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Digital transformation in action: insights from the front line

Conversations about the catalysts, key themes, success factors and lessons learned in the digital transformation journeys of Australasian organisations.

For me, one of the standouts of this year’s Intergen and Empired Convergence series was the digital transformation in action panels. Across eight panel sessions, we had the chance to hear the real life stories and lessons of digital transformation directly from 28 business leaders across numerous industries, each of them intimately familiar with the challenge of digital transformation today.

Client panels - Intergen Convergence 2017
See footnote for captions

As I said in my introductions to Convergence, the nature of the conversations we are having with our clients has changed significantly in recent years – now they’re much less about specific technologies and much more about business outcomes – and to hear their honest, unmediated stories was a real highlight, and a great snapshot of the priorities being tackled head-on by Australasian businesses today.

Whether it was an ‘aha moment’, a burning platform, or the proverbial slowly-boiling frog making digital change a necessity rather than a nice-to-have, each business leader spoke in no uncertain terms of a strong impetus and need for transformation.

Yet, while there was widespread recognition within Australasian businesses and leadership teams that digital transformation should be right at the top of the organisational agenda, many spoke of the understandable challenges that come with turning this intention into reality, even when the spirit is willing.

This delta between saying and doing is clearly reflected in the results from Microsoft’s study from earlier this year of the progress of digital transformation in organisations across the Asia Pacific region, finding that while nearly all business leaders agreed that every organisation needs to transform into a digital business to enable future growth, only one third of their organisations have a full strategy in place to make it actually happen.

And perhaps what resonated most strongly from the reflections of our panellists was that the biggest challenge (and opportunity) of all doesn’t lie in nailing the mother of all technology roadmaps and getting the technical nuts and bolts in place (although that’s an important challenge in itself, of course); it lies in selling the vision, in understanding your organisation’s fundamental ‘why’, in engaging your people and bringing them on a journey of constant change.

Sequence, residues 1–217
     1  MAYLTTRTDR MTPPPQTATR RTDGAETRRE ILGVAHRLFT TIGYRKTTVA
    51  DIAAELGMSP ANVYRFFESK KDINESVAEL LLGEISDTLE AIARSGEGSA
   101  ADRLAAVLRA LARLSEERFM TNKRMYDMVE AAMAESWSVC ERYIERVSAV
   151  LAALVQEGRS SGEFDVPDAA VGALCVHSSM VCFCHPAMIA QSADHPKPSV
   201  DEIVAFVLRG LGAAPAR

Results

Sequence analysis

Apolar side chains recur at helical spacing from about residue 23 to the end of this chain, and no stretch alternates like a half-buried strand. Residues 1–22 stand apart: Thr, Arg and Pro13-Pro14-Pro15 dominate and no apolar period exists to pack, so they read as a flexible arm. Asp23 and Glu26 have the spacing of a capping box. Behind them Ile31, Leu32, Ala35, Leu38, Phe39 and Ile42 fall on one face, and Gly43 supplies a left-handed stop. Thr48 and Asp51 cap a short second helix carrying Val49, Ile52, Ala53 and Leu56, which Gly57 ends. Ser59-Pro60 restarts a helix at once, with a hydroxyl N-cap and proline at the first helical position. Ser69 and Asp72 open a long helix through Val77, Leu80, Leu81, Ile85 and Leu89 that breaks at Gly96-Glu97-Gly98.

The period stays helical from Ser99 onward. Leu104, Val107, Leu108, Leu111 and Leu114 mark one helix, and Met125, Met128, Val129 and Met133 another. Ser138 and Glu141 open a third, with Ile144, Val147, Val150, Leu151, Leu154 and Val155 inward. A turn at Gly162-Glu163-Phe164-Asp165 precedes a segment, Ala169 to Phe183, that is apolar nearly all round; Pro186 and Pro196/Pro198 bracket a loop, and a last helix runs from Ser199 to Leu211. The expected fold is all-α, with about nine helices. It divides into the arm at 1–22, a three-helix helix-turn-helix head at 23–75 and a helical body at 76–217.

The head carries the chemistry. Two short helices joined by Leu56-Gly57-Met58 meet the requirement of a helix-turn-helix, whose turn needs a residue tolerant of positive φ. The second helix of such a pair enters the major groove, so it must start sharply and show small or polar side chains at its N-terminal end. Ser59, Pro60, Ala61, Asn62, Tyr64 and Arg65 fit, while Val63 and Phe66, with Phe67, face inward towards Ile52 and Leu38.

In essence, our leaders told us that successful digital transformation relies on a – sometimes radical – change in mindset, a rethinking of the fundamentals underpinning everything we do and why we do it.

And while technology features in the digital transformation equation as one of the most crucial enablers under the hood, when it comes to the big picture, the technology itself is largely irrelevant: the digital transformation story is one of vision and leadership and a complete focus on people-centred change, not to mention the need for the bravery to question the status quo and potentially challenge or dispense with long-held conventions.

And these days change is constant; the digital journey has no finite endpoint. Consequently, our comfort zones need to shrink. AUT’s Liz Bashara summed this up, explaining that she challenges her teams with the question: “Are you comfortable being uncomfortable?”

Because that’s what’s required.

What were, or are, the catalysts for digital transformation?